Ayala Land’s Tower One, the home of the Philippine Stock Exchange, in Manila. Image Credit: Reuters

Shares in AllHome Corp.'s initial public offering, the biggest in the Philippines in three years, stand a good chance of gaining when they start trading Thursday, according to analysts and investors.

That's because the home improvement and furniture retailer priced its IPO at the lower end. Also, with overseas demand exceeding the allocation limit for non-locals, foreign investors could provide support for AllHome's share price, they said.

The lower IPO price made AllHome's valuation "attractive" while "there's pent-up demand from foreigners," who didn't get all the shares they wanted, said Noel Reyes, chief investment officer at Security Bank Corp.

AllHome is the nation's biggest IPO since Pilipinas Shell Petroleum Corp.'s $390 million flotation in 2016. It's the third company go to public this year in the country, while the nation awaits its biggest IPO from Metro Pacific Investments Corp.'s hospital unit. Axelum Resources Corp., a coconut products producer that sold shares before AllHome, was priced at the lower end of its range and sank 6.2% when it began trading on Oct. 7.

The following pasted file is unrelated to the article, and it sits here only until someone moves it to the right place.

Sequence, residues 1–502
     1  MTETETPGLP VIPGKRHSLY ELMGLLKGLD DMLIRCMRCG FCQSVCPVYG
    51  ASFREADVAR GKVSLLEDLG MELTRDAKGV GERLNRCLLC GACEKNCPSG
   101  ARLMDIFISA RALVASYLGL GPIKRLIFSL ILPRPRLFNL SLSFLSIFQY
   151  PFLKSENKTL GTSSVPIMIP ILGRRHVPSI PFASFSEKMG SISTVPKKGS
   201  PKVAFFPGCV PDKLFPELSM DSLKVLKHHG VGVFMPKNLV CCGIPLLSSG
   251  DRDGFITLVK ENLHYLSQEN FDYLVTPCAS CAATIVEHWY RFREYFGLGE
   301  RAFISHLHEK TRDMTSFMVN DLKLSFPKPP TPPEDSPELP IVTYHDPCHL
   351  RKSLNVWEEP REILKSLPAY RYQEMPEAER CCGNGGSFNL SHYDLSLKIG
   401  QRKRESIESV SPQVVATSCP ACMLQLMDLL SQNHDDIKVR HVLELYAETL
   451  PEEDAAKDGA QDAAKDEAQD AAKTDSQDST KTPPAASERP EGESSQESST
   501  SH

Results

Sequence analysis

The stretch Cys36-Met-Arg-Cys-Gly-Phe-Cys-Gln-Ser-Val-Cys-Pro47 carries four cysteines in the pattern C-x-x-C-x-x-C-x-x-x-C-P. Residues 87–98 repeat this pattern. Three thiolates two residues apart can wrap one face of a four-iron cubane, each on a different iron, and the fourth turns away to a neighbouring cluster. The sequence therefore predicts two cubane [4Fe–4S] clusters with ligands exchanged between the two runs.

Allhome's IPO raised 12.94 billion pesos ($250 million) from the sale of 1.125 billion shares at 11.50 pesos each - the low end of its indicative price, with the top end at 16 pesos a share. The amount doesn't include an additional 168.75 million shares set aside as an over-allotment option.

At its IPO price, valuation is at 28 times estimated 2020 earnings, making AllHome comparable with Wilcon Depot Inc., a retailer of hardware and home building materials, according to Rachelle Cruz, an analyst at AP Securities Inc.